It had sure been a week when we found ourselves at Cucumber Falls in Ohiopyle State Park last Saturday morning. It seemed like it was one medical mishap after another all week long. Nothing major, praise God. No ER visits or helicopter rides. Just the constant day in and day out grind, escalated as Belle grows and changes and we have new challenges to figure out. Like any child, what works during one stage of her development doesn’t necessarily work at the next one, so we have some growing pains and we have to rethink our approach. And, believe me, for that challenge we are VERY grateful. This was our first trip to Ohiopyle State Park, so we didn’t know what all was there for us to get in to. We could see the falls from afar and it certainly didn’t look like much of a hike to get to them. Cucumber Falls was listed as “easier hiking” on the state park’s brochure. We quickly found out a hike like this one, that would have been nothing for Joey and I, was quite the challenge when you throw in a three year old. Then, add a one year old on Joey’s back, scratch that-a one year old with an IV line, scratch that-a one year old with an infusing IV line, and a “simple hike” turned in to quite the feat.
We quickly surveyed the situation, and decided if it was a risk we wanted to take. We tossed the most essential medical supplies in the hiking backpack, made an escape plan, should we need one, and set off. Jonah had a blast hopping from rock to rock, occasionally missing and jumping in the water, pretending he was on a survival adventure. I chased after him, jumping in and out of the water alongside my boy. Joey and Belle had their own adventure. At times Joey would have to climb up steep rocks on all fours and Belle would be flat on his back. Each time I could hear her squeal with delight, followed by “Ohhhh,” or “Whoaaaa,” or “Wowwwww.” At one point, they took a different route than Jonah and I because Joey knew he only brought one pair of shoes for the weekend and didn’t want to have to step in the water. He nearly pushed me to my Mama’s breaking point when I looked over to see him, with our sweet infusing one year old on his back, walking across a wet, fallen log with rushing water beneath them. He flashed his handsome smile at my dirty look and kept going. There were a few spots we both stopped and wondered if we should turn back and not chance it. After all, storm clouds were moving in and a downpour would pose a major medical problem for us. Fueled by the week we had just had, and without having to say it to each other, we knew we had to keep going. Eventually we made it to the top and the kids were both completely in awe of the beautiful falls.
It’s true that a picture is worth a thousand words, and there is so much more to the picture posted above than just the four of us standing in front of a modest, yet beautiful waterfall.
From this family picture alone, one can’t see the countless hours our nurses put in to organizing and packing our medical supplies so we could hike to a waterfall as a family.
One can’t hear the phone calls I made prior to this camping trip (and every camping trip) to the local ambulance station for wherever we are going so they were aware of our situation should we have to call 911.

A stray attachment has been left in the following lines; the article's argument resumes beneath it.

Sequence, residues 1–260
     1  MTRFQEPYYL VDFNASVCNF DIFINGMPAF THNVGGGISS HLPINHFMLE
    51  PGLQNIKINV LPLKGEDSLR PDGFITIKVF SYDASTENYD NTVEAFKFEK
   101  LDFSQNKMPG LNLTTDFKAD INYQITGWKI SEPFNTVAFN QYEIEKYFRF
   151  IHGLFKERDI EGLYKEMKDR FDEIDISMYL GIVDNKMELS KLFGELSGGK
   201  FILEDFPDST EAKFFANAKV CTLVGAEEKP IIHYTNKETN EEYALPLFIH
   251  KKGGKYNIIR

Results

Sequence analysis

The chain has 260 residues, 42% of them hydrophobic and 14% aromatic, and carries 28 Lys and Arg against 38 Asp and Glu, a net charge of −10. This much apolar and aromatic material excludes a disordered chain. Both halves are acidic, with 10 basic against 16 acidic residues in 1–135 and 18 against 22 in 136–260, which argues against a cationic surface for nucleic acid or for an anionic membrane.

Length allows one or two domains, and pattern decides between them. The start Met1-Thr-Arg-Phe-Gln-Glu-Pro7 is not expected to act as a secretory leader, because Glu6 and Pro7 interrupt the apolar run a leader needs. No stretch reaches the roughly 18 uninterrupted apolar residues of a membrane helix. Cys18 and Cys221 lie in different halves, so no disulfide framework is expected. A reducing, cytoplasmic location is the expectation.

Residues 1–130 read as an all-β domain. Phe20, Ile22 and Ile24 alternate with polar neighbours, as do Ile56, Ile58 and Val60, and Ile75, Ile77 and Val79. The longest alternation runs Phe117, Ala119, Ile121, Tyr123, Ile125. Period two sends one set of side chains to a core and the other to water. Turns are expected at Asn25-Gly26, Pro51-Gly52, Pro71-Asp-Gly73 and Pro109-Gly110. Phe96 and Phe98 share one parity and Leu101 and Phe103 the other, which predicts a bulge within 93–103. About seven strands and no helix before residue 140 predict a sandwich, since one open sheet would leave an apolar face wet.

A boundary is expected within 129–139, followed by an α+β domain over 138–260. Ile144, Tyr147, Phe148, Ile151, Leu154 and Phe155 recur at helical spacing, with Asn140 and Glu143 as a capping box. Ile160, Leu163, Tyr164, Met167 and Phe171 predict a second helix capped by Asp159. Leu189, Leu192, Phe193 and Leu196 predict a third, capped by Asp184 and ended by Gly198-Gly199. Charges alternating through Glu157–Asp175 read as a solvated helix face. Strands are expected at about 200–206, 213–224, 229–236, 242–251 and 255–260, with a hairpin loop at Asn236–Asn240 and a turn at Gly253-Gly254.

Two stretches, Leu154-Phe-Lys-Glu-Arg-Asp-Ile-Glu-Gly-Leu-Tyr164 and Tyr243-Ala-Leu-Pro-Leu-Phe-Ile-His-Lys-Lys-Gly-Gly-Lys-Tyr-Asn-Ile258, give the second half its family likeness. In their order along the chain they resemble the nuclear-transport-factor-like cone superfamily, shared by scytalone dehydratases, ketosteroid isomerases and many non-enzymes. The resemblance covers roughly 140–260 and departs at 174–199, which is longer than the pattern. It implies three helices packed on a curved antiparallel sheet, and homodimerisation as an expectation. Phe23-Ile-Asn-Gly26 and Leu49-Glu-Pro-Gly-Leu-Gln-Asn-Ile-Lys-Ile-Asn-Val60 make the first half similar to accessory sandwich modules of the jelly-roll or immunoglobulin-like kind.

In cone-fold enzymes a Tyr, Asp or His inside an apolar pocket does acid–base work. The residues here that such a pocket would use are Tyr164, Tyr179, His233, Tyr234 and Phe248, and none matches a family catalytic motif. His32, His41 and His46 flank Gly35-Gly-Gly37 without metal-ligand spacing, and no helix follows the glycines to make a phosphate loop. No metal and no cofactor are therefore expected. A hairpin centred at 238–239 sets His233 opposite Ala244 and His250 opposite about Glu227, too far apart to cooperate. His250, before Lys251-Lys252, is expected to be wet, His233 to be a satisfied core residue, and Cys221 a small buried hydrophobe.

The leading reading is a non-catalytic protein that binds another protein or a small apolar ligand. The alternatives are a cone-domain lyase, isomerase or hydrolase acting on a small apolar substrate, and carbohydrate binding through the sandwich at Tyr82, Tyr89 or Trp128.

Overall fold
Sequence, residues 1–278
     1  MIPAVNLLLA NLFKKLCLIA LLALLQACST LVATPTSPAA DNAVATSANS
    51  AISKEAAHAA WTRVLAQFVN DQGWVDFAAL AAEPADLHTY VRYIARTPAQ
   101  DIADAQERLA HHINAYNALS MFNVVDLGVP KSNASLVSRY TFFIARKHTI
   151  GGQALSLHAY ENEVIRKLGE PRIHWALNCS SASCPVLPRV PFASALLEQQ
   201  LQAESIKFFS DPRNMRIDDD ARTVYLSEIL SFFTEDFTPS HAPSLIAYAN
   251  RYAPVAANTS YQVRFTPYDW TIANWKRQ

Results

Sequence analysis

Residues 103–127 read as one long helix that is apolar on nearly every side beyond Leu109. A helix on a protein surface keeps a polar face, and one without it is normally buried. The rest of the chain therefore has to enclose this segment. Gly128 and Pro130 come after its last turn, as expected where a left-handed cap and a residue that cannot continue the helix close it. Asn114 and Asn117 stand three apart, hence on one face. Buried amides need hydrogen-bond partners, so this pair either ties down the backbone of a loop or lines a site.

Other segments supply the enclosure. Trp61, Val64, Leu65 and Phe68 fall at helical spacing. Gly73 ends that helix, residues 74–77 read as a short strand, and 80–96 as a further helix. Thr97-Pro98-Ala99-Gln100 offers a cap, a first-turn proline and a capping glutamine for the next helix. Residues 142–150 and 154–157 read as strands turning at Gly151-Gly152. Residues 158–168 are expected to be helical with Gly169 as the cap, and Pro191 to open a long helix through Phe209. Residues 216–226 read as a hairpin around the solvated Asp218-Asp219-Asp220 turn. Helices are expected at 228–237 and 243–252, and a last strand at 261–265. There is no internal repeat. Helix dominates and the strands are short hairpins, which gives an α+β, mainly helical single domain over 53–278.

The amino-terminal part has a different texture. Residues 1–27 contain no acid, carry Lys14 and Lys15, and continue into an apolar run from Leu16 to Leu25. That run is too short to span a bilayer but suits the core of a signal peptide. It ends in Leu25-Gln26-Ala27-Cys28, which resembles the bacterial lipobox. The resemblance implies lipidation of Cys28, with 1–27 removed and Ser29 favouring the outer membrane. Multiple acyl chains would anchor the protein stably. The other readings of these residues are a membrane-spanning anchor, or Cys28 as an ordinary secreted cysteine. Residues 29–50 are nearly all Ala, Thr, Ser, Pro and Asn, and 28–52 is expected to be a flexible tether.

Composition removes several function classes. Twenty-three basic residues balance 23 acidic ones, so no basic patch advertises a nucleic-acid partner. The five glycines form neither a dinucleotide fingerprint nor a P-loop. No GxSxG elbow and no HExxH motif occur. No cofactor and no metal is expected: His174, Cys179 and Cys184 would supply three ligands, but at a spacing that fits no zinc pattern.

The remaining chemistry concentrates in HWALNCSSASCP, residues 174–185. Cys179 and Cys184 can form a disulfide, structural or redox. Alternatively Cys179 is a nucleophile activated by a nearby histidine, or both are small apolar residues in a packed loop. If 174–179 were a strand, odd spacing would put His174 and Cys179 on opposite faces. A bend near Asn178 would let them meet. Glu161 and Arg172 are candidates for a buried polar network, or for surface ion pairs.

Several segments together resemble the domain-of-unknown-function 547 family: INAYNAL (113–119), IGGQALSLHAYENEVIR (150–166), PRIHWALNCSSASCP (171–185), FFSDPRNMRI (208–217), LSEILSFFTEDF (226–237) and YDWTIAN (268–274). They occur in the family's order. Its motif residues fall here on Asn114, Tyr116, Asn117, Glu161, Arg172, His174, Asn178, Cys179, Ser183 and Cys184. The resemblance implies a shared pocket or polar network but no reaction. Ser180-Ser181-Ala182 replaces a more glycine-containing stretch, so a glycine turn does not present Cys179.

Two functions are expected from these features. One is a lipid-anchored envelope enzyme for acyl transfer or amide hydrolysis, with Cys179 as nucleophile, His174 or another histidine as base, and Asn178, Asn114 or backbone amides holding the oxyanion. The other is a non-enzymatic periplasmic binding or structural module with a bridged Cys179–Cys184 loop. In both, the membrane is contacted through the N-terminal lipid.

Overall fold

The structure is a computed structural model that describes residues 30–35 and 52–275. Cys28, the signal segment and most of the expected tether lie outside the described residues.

One can’t see the frustrating week of endless medical care we spent prior to this hike.
One can’t see less than 24 hours before this picture was taken, the night before, Joey and I in the camper, thinking we might have an emergency on our hands, me freaking out as usual, and him keeping his cool as usual and figuring it out; thus avoiding calling the ambulance station I spoke to earlier in the week.
One can’t hear me telling him the night before, “I want to go home NOW” because of said situation.
One can’t see the amount of patience a certain three year old had on this hike.
Likewise, one can’t see the amount of patience the aforementioned three year old has to have day in and day out; nor the endless love he has for his sister regardless of the fact that he has to practice “patience=waiting WITHOUT complaining” more than any other three year old I know.
One can’t look at this picture and understand the importance of the six getaways we took as a family of four this summer when our home is constantly full of people outside of our four (nonetheless people whom we love dearly and without whom, I’m certain we could not live the full life we do).
One can’t look at this picture and understand what it truly meant for us to hike to this waterfall this day, to conquer one more challenge after having been beaten down, but not destroyed the week prior and many weeks prior.
One can’t just look at a picture of smiling faces on social media and have any idea that maybe there is a struggle behind the smiles. I’ve been through enough myself, and talked to enough hurting people to know that life isn’t always just smiles, rainbows and butterflies. And yet, that is what we so often share on social media. I post a lot of pictures of us smiling on my page. And it’s true. We smile a lot, and we truly have a lot to smile about. I have experienced more joy in the last two years than at any previous point in my life. This picture is authentically, four very joyful people. But behind every smiling picture is a story of normal people, with hurts, and fears, and sadness, along with joys, and triumphs, and overcoming. The smiles on our faces are an overflow of the struggles we have faced and, by the power of Jesus Christ in us, and not in our own strength, overcome as a family. I wonder if maybe there are others out there who hold a struggle behind their smile? Keep smiling, my friend. The waterfall is always worth the hike it took to get there.
I don’t think a thousand words would be enough for me to describe my gratitude for this day. Thank you, Lord. May there be many more waterfalls and opportunities to “smile through the struggles” in our future.